Learn About 1031 Exchanges for Houston, Texas

Property owners that are looking to sell in Houston, Texas may benefit with a 1031 exchange, which will provide them with tax benefits.

These benefits come because with a 1031 exchange, a property transaction is viewed as an exchange of one property for another, instead of selling one property and then purchasing another.

Once a property is sold, the owner is taxed on the sale of a property. If the property instead is exchanged, there are no taxes to be applied. However, just because these exchanges may be an available option for Houston, Texas property owners, there are rules and regulations that need to be adhered to before an owner can be eligible for a 1031 exchange.

The 1031 Tax Exchange is outlined in the U.S. tax code and treasury regulations. In order for a property to be eligible for these types of exchanges, the property must fall within the boundaries outlined.

The first rule is that the property that is being exchanged must be “like” property. For instance, any property that is located within the United States is considered “like-kind.”

Property outside of the United States is not so property cannot be exchanged outside of the country. This is another reason why 1031 exchanges may be beneficial for property owners in Houston, Texas, because the property will most likely be located in Houston.

Also when looking at “like-kind” property, the property that is being acquired must be of equal or greater value than the property that it is being exchanged for.

There is also an exception rule within the 1031 Tax Exchange. Certain types of property may be excluded, even if they are located within Houston, or other areas of the United States.

These exclusions include: property that is being held for sale for a profit, inventories, stocks, bonds, and notes, other securities or evidence of indebtedness, if the owners are looking at a partnership, and other beneficial interests.

Then there is the exchange component of the 1031 Tax Exchange. For property owners to be eligible for the 1031 Tax Exchange, the property must actually be exchanged, instead of the property being sold and then the owner using the money from the sale of that property to purchase another. That type of transaction would be viewed as a simple sale of property and would not be eligible for a tax exchange.

Another rule written into the U.S. tax code states that any funds from the original sale of property, must not go to the property owner or the property owner’s agent. Instead, they must be given to a qualified intermediary. That qualified intermediary is generally an individual, or company that works exclusively with dealing with 1031 tax exchanges.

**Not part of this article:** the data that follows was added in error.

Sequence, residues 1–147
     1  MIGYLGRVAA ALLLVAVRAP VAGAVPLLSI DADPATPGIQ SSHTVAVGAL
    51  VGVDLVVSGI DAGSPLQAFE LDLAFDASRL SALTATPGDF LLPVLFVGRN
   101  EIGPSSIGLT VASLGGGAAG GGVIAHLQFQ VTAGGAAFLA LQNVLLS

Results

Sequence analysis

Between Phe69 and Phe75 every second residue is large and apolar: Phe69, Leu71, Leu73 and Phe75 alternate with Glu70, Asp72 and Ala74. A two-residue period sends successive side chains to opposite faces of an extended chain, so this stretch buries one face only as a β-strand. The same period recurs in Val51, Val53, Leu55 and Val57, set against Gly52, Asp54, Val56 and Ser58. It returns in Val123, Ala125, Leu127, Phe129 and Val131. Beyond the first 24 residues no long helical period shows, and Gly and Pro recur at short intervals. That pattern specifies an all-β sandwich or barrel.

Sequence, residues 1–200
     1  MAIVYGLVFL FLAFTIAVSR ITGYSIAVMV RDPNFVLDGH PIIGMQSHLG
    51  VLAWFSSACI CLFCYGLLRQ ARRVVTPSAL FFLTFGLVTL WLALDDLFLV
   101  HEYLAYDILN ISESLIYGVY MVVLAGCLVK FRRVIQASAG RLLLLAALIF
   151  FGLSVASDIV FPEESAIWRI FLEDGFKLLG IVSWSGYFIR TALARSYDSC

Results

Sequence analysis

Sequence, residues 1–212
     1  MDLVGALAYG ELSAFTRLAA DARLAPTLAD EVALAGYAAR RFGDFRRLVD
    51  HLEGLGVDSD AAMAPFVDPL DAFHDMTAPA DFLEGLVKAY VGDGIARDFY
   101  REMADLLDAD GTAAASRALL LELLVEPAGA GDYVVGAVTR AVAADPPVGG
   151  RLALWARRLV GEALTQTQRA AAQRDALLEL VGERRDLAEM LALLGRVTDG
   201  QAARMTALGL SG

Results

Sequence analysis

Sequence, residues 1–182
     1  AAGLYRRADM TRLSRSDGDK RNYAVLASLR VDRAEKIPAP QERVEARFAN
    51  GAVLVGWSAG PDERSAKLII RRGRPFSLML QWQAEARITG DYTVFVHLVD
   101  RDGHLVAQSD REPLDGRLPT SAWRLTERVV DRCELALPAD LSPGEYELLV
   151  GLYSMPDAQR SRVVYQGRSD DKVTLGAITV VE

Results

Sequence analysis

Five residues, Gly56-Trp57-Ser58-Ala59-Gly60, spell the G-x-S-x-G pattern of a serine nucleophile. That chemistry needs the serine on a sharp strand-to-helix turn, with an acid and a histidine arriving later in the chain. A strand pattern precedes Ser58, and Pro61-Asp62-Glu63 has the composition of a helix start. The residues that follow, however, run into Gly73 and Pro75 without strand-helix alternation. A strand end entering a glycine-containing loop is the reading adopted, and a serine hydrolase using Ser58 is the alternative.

They must have no other contact with the owner other than serving as a qualified intermediary for the exchange that is about to take place. The intermediary will be responsible for holding funds related to the exchange and for distributing them as needed. If in the end there are proceeds that are rightfully the owners, those funds will be taxed.

In addition to the different rules that accompany a 1031 tax exchange, there are also certain timelines that must be adhered to. There are two timelines specifically that must receive particular attention. The first timeline is the Identification Period.

This refers to the amount of time that a property owner has to find replacement properties that he is interested in purchasing. This time period is within 45 days of selling the original property. The 45 days is 45 days exactly and includes holidays and weekends. This timeline will never be extended and if an owner cannot find replacement properties within that time, the property that had been sold will no longer be eligible for a 1031 tax exchange.

The other timeline property owners must concern themselves with is the exchange period timeline. This refers to the period of time that a property owner selling his property must become owner of another property.

The time period for this is 180 days from the time the original property is sold. The time period is over on the date the property is fully relinquished or when the person’s tax return for that current year is due, whichever date comes first.

So while property owners in Houston, Texas may want to further investigate 1031 Tax Exchanges to see if it’s possible to receive tax benefits, it’s important to fully understand this tax code to ensure that you meet all the rules and requirements that will make you eligible.

Paige Martin is award winning Houston realtor. Her website features 500+ pages of data and lists all Houston Loftss for sale. Paige is a member of the Houston, Texas, and National Assoc of Realtors. Paige Martin, Martha Turner Properties.